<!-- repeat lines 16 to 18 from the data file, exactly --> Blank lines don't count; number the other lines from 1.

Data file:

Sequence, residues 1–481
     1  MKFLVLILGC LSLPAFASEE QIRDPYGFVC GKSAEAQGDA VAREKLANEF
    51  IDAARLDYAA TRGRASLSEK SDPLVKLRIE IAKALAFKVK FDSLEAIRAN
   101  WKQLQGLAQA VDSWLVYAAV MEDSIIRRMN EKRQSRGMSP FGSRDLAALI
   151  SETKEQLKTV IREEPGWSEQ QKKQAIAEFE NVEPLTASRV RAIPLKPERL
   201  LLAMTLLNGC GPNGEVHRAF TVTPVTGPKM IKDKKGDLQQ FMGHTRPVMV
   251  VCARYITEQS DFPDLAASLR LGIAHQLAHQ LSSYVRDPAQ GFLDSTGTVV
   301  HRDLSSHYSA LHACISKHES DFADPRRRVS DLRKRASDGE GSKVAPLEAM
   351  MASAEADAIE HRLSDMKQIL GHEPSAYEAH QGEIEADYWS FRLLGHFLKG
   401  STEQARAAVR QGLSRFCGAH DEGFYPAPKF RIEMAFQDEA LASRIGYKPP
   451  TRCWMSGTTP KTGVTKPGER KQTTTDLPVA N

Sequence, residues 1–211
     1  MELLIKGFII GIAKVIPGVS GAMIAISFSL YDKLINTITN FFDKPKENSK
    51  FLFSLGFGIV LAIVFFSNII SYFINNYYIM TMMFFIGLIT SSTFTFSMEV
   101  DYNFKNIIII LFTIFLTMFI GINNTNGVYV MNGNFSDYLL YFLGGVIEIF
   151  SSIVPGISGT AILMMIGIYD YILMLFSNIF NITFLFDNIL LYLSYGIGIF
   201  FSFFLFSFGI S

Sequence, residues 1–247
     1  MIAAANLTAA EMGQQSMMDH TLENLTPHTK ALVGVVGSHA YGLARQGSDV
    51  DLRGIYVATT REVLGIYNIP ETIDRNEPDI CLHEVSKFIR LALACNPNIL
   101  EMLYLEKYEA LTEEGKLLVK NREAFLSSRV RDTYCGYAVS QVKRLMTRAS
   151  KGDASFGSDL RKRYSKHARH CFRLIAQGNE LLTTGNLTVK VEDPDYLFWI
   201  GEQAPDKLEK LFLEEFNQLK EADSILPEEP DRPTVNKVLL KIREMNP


   151  SSIVPGISGT AILMMIGIYD YILMLFSNIF NITFLFDNIL LYLSYGIGIF
   201  FSFFLFSFGI S

Sequence, residues 1–247